This revolutionary optical microphone records instruments separately

Researchers have developed an optical microphone that uses cameras to record the vibrations of objects. This system enables the sound of a single instrument in an orchestra to be isolated, eliminating any influence of acoustics in place.

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Isolating the sound of a single instrument in an orchestra, or recording music played without ambient noise, is a very complex task, even with the best microphones. to solve this problem , researchers from Carnegie Mellon University in the United States microphone Optics capable of seeing percussion instrument of an object thus capturing the sound generated by only one device.

Such a system that only uses the camera would need to zoom in on an object to be able to capture something small Vibrations caused by soundIt must be very high Speed To detect the frequency of this movements. This type of device would be very expensive and complicated to set up.

Laser and two consumable cameras

Instead, the researchers found a solution by using much cheaper and more readily available hardware. The optical microphone is based on a laser Which refers to a surface, such as a tool. When the laser is reflected, the body shaking Create Peelor spot, any pattern that can be recorded with cameras.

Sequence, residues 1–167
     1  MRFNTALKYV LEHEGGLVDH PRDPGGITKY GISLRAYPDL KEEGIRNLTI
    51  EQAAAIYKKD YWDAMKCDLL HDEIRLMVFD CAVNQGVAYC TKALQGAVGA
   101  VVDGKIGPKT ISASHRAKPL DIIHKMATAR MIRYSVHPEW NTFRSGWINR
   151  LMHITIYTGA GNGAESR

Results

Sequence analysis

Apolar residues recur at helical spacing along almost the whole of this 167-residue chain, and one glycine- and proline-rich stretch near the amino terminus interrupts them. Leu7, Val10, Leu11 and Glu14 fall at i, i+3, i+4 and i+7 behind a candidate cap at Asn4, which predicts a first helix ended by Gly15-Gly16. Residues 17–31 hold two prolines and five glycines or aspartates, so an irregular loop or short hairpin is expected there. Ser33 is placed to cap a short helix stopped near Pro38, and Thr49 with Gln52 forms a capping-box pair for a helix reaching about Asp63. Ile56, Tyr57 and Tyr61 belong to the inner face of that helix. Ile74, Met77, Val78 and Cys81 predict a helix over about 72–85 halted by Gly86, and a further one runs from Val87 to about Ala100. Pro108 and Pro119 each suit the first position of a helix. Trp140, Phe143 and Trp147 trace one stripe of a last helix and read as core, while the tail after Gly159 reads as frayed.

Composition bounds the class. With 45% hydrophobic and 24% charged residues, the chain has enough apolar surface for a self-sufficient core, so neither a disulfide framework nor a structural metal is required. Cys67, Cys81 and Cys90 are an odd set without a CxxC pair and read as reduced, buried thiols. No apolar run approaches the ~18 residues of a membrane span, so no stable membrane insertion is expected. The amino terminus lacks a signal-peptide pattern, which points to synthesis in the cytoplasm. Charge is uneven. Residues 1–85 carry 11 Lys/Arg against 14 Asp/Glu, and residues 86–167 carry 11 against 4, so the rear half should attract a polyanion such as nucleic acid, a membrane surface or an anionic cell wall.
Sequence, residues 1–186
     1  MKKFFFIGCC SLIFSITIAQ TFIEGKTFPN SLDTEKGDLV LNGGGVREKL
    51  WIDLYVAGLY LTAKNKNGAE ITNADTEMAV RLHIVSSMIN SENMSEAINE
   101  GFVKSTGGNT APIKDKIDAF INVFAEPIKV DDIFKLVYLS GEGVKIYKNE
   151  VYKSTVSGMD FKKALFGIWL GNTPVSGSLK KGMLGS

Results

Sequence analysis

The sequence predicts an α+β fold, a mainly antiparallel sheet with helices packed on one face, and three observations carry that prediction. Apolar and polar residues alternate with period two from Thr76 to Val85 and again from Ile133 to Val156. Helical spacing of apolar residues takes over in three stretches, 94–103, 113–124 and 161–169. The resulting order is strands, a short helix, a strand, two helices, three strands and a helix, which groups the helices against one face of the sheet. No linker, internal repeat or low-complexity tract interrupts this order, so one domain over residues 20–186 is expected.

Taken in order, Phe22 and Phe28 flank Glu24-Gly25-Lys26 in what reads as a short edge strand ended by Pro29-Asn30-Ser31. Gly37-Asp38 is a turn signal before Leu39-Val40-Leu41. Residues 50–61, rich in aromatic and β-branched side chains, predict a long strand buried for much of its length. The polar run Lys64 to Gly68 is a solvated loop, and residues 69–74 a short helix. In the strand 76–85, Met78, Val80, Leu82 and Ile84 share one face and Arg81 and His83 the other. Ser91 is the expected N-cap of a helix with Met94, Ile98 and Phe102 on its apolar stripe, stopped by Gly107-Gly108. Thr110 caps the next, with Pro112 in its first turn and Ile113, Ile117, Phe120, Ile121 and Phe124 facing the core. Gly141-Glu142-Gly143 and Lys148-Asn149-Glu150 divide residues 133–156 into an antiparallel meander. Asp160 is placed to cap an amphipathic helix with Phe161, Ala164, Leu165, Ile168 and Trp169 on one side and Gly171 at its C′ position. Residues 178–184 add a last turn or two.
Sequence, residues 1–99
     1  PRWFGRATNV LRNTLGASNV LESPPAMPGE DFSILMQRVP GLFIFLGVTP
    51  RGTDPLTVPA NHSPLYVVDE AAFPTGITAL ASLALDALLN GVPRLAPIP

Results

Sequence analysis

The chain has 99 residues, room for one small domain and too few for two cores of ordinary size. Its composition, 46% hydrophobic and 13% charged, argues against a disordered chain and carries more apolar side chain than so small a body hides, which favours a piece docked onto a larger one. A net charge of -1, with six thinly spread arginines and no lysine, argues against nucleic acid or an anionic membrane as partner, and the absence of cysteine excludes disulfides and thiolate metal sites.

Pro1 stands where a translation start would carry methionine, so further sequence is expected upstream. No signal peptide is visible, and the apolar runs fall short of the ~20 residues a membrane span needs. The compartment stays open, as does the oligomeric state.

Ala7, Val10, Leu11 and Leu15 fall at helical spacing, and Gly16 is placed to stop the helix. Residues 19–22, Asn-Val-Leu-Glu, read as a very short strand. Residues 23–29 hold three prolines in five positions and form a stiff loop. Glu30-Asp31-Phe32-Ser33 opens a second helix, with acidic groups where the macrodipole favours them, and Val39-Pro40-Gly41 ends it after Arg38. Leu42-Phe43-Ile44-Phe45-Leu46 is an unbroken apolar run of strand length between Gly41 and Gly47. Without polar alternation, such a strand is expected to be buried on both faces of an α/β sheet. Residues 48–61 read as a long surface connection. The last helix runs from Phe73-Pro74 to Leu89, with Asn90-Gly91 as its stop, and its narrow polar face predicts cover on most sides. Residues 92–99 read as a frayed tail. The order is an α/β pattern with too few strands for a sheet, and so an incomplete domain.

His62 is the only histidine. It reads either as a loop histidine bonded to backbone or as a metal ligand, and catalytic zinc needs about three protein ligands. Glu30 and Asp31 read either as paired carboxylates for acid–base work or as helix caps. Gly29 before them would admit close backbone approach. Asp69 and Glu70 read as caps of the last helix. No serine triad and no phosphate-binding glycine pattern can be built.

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Their system then uses two cameras that record just 60 frames per second. This may sound insufficient for sounds with possible frequencies up to 20000 Hz. The trick is to combine images from two different sources.

Explanation and presentation of the optical microphone. In English only, activate automatic translation of translations. © Mark Shenin

Two cameras recording at 63 kHz

The first camera contains a file shutter in general (or universal shutter) which records the scene in a single take. The second uses a rolling shutter (or rolling shutter) which saves the image line by line in a file sensor With a very slight delay. This delay, which can lead to image distortions of a moving object, is used here to obtain information about high-frequency vibrations. Thus, the lines are recorded at a frequency of 63000 hertz.

Then the researchers used an algorithm to stitch the two images together and recreate the sound. Their system runs directly on the machine, like A guitar Or the violin, and even other things that vibrate with it echoLike a box of potato chips in front of a loudspeaker. It is even able to compensate for the movements of the musician.

With this system, sound engineers can track each instrument individually in a band or orchestra, withoutconfusion others. It completely removes the effect of acoustics from the recording room by effective removal every echo. The system can also be used to monitor every machine in a noisy factory to determine when one needs maintenance.

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About the Author: Octávio Florencio

"Evangelista zumbi. Pensador. Criador ávido. Fanático pela internet premiado. Fanático incurável pela web."

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